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“Even though many of these storms don't make national headlines, they tend to be very costly locally,” says Tim Zawacki, principal research analyst for insurance at S&P Global Market Intelligence. “The scale over which these storms occur is something I think the industry is concerned about.”

As a result, insurance premiums are likely to continue to rise this year even as overall inflation declines.

Insurance companies have a lot of pricing power

While state regulators have some authority to limit rate hikes, insurers tend to achieve their goal. Regulators realize that if they move aggressively to cap premiums, insurers may stop offering coverage altogether.

“Insurers have gotten really aggressive in their bullying,” says Doug Heller, director of insurance at the Consumer Federation of America. “I've heard a lot about companies threatening to pull out of the market if they don't get what they want. In general, the bullying has worked.”

Douglas Heller, insurance director at Consumer Federation of America, speaks during a Senate Banking Committee hearing on the property insurance market on Capitol Hill in Washington, D.C., on September 7, 2023.

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Douglas Heller, insurance director at Consumer Federation of America, speaks during a Senate Banking Committee hearing on the property insurance market on Capitol Hill in Washington, D.C., on September 7, 2023.

Anna Moneymaker/Getty Images

Last week, the Treasury Department hosted a roundtable with consumer and environmental groups to discuss the ways in which climate change is impacting insurance markets. The department also plans to host a meeting on this topic with insurance industry stakeholders.

Customers can sometimes save money by shopping around. Alicia Bettori switched insurance companies after the cost of her family's car insurance policy jumped more than a thousand dollars.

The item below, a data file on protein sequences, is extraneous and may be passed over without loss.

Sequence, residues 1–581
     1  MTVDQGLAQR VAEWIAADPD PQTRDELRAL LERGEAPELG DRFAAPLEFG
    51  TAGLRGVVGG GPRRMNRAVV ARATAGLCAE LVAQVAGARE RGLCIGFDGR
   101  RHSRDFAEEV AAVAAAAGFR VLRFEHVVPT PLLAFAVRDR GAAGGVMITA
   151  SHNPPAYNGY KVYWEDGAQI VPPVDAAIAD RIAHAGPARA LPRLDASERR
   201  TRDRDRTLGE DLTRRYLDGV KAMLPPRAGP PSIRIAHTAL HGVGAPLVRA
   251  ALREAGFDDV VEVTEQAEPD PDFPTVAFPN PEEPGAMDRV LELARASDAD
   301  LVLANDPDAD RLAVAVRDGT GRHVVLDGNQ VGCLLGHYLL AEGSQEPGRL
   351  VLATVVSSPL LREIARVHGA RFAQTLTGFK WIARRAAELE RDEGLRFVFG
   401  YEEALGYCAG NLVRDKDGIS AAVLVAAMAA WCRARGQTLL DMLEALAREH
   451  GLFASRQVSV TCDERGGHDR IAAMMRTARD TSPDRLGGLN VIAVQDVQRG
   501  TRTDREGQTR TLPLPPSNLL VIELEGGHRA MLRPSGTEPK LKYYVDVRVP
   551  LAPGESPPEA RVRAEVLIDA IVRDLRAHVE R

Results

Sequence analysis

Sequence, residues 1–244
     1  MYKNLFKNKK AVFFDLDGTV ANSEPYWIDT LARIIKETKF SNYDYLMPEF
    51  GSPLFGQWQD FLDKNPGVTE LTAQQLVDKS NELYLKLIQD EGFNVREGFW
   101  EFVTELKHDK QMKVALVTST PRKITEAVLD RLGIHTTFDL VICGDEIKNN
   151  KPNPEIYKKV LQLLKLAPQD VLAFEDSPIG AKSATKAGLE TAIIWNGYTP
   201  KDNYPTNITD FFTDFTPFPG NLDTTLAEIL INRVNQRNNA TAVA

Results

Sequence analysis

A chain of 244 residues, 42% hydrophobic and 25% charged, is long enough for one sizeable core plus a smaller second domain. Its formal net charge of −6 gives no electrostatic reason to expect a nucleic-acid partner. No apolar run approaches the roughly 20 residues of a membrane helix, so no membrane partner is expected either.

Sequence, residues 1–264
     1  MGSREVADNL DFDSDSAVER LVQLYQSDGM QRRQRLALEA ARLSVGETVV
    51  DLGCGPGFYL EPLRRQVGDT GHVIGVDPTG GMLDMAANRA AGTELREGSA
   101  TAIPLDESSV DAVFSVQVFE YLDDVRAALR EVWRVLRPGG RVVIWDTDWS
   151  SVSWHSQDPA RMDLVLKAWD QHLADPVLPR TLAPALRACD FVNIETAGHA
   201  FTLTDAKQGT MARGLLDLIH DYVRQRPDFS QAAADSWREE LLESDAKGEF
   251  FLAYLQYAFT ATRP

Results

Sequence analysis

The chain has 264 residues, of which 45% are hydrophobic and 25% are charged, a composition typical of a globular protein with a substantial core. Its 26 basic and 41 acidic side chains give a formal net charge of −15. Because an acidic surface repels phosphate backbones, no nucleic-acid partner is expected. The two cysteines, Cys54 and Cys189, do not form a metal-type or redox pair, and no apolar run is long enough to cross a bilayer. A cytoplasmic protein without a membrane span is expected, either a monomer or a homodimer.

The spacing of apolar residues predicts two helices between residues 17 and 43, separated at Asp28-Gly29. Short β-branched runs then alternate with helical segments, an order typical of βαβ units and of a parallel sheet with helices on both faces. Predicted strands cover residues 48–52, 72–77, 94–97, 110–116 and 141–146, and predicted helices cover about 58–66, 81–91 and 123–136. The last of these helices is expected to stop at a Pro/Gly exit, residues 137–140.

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“He. She He was Liberty Mutual,” she says with a rueful laugh. “We've since switched to State Farm since replenishment went up so much.”

Bettori, who lives in Nashville, says she was able to shave a few hundred dollars off the bill, but she still pays much more than she did two years ago.

“What can you do?” she asks. “You need insurance. You can't have a car or a house without it. So you have to pay for it. And you figure out where you can cut other things to make sure you can drive.”

Going without insurance

Auto insurance is required in almost all states. Lenders usually require homeowners with a mortgage to carry insurance as well. However, as insurance premiums continue to rise, more people are reducing or even doing away with their coverage.

Ezra Croft considered dropping his homeowners insurance coverage, but ultimately decided to pay a higher premium.

“I'm pretty good at home repairs, but if something like a tree fell on my house or a tornado or a fire, I don't know what I'd do,” Croft says.

An Insurance Information Institute study last year found that 12% of homeowners did not have insurance, compared to 5% four years ago. However, not being covered is risky for individuals and communities alike.

“Insurance is an important product, not only for economic stability but also for community resilience,” Heller says. “We are very concerned that these escalating premiums will lead to escalating rates for uninsured drivers and homeowners, leaving us all completely vulnerable.”